• 3.
    Lund Ohlsson, Marie
    et al.
    Mid Sweden University, Faculty of Human Sciences, Department of Health Sciences.
    Danvind, Jonas
    Mid Sweden University, Faculty of Science, Technology and Media, Department of Quality Technology and Management, Mechanical Engineering and Mathematics.
    Holmberg, L. Joakim
    Linköpings Universitet.
    Shoulder and Lower Back Joint Reaction Forces in Seated Double Poling2018In: Journal of Applied Biomechanics, ISSN 1065-8483, E-ISSN 1543-2688, Vol. 34, no 5, p. 369-376Article in journal (Refereed)
    Abstract [en]

    Overuse injuries in the shoulders and lower back are hypothesized to be common in cross-country sit-skiing. Athletes with reduced trunk muscle control mainly sit with the knees higher than the hips (KH). To reduce spinal flexion, a position with the knees below the hips (KL) was enabled for these athletes using a frontal trunk support. The aim of the study was to compare the shoulder joint (glenohumeral joint) and L4-L5 joint reactions of the KL and KH sitting positions. Five able-bodied female athletes performed submaximal and maximal exercise tests in the sitting positions KL and KH on a ski ergometer. Measured pole forces and 3-dimensional kinematics served as input for inverse-dynamics simulations to compute the muscle forces and joint reactions in the shoulder and L4-L5 joint. This was the first musculoskeletal simulation study of seated double poling. The results showed that the KH position was favorable for higher performance and decreased values of the shoulder joint reactions for female able-bodied athletes with full trunk control. The KL position was favorable for lower L4-L5 joint reactions and might therefore reduce the risk of lower back injuries. These results indicate that it is hard to optimize both performance and safety in the same sit-ski.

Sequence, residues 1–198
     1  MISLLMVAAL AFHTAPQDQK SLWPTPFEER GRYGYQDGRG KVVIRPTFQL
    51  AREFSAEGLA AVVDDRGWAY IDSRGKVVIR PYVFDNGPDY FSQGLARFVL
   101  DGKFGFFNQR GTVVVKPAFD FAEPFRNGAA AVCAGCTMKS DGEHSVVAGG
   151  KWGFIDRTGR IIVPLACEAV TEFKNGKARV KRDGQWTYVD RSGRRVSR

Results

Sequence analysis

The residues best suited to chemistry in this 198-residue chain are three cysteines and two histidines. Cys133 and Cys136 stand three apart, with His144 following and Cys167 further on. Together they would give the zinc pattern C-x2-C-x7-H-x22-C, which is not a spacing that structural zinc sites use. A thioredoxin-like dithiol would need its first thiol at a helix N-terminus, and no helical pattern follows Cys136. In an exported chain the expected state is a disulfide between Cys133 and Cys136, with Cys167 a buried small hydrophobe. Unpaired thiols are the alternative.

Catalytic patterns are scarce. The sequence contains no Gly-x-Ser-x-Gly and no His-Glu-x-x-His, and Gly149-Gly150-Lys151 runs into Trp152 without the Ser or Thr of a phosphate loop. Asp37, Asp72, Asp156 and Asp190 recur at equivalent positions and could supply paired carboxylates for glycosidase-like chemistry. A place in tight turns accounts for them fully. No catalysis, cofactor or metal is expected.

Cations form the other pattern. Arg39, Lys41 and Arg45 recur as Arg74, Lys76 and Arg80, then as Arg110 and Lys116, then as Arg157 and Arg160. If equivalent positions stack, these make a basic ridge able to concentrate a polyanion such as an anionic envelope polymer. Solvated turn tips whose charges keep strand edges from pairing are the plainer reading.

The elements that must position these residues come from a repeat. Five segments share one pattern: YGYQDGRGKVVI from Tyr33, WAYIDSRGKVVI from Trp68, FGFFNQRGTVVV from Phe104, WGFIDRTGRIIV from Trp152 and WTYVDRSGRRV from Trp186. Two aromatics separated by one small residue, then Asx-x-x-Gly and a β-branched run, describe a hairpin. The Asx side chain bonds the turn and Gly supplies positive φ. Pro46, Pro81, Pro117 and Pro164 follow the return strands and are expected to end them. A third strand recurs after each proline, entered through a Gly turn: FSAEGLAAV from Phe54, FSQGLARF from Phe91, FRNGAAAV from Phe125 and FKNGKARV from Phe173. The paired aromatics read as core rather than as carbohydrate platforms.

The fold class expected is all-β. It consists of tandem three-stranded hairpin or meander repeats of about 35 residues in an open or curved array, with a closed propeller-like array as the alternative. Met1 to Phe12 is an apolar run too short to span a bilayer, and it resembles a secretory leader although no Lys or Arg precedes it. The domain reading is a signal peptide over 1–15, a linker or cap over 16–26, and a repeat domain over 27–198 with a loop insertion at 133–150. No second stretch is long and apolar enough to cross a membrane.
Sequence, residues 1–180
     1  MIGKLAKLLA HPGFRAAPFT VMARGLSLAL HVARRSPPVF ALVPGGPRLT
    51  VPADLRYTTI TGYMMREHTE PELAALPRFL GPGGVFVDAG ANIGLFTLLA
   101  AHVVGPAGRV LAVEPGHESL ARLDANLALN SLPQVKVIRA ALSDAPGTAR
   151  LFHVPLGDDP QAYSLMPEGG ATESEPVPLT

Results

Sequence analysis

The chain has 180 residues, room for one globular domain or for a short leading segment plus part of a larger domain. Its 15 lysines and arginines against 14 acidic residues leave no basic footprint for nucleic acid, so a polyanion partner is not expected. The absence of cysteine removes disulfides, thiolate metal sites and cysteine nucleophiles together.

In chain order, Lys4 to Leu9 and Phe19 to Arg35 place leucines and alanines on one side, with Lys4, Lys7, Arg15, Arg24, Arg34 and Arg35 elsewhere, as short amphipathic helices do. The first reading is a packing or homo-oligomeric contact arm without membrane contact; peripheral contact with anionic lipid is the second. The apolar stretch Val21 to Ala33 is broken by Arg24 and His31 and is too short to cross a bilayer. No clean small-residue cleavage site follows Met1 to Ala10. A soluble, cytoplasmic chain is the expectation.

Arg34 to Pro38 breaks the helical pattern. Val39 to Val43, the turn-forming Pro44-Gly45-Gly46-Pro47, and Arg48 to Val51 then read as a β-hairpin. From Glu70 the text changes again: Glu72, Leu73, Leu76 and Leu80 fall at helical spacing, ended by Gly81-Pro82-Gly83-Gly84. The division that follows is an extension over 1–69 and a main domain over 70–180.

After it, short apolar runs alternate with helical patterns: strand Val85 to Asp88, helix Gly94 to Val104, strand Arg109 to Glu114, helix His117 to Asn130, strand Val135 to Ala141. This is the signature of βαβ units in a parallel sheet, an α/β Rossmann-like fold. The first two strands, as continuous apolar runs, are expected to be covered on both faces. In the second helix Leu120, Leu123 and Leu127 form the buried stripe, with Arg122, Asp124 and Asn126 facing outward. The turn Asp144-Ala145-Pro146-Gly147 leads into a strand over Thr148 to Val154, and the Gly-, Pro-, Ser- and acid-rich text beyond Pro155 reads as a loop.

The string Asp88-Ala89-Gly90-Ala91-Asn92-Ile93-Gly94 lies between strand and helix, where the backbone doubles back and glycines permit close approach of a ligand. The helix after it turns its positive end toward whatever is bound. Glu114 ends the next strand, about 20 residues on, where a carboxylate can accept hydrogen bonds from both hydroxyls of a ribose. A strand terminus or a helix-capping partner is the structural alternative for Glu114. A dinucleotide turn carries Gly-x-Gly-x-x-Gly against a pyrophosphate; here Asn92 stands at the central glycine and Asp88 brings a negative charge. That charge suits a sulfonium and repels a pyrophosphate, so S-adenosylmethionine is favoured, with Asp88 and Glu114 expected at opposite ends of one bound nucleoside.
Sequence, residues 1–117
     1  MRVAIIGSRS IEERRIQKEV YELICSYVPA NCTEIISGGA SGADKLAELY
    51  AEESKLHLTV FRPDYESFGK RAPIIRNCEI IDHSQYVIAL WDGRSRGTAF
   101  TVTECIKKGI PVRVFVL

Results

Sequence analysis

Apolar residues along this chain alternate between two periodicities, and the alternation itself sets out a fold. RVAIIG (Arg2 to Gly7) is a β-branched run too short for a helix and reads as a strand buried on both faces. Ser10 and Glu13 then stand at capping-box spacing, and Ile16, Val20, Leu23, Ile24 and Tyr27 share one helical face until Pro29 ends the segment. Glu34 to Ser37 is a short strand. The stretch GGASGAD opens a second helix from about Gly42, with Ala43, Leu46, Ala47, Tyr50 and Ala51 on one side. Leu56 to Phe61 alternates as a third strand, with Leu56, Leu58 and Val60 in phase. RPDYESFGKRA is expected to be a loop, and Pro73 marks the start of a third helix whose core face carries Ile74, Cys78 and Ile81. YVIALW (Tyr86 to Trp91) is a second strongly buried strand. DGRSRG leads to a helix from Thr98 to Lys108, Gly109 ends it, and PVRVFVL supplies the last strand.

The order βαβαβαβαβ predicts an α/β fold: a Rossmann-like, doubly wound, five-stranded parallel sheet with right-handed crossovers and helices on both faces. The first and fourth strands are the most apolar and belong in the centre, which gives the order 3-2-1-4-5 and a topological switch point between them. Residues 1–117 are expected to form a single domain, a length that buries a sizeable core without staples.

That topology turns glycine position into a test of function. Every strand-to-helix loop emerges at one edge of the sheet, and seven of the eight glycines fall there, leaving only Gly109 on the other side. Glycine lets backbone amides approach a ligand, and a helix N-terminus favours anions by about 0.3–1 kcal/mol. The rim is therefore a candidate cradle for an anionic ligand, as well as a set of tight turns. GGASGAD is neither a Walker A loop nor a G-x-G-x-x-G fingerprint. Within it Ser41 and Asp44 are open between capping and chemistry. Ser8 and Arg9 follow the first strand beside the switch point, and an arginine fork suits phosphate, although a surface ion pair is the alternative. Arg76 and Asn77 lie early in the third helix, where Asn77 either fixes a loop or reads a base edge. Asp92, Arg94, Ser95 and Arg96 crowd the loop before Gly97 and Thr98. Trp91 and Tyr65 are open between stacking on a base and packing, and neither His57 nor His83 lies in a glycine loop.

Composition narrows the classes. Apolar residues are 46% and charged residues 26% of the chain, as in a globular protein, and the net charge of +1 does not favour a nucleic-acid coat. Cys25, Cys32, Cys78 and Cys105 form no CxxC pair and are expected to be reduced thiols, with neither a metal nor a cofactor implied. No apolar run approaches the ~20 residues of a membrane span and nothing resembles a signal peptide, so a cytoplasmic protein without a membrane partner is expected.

• 4.
    Lussiana, Thibault
    et al.
    Univ Franche Comte, Culture Sport Hlth Soc & Exercise Performance Hlt, Res Unit EA4660, F-25030 Besancon, France..
    Hebert-Losier, Kim
    Mid Sweden University, Faculty of Human Sciences, Department of Health Sciences. Natl Sports Inst Malaysia, Natl Sports Complex, Kuala Lumpur, Malaysia.;Mid Sweden Univ, Dept Hl Natl Sports Inst Malaysia, Natl Sports Complex, Kuala Lumpur, Malaysia.
    Millet, Gregoire P.
    Univ Lausanne, Fac Biol & Med, Dept Physiol, ISSUL Inst Sport Sci, Lausanne, Switzerland..
    Mourot, Laurent
    Univ Franche Comte, Culture Sport Hlth Soc & Exercise Performance Hlt, Res Unit EA4660, F-25030 Besancon, France.;CHRU Besancon, INSERM CIT 808, Clin Invest Ctr, Besancon, France..
    Biomechanical Changes During a 50-minute Run in Different Footwear and on Various Slopes2016In: Journal of Applied Biomechanics, ISSN 1065-8483, E-ISSN 1543-2688, Vol. 32, no 1, p. 40-49Article in journal (Refereed)
    Abstract [en]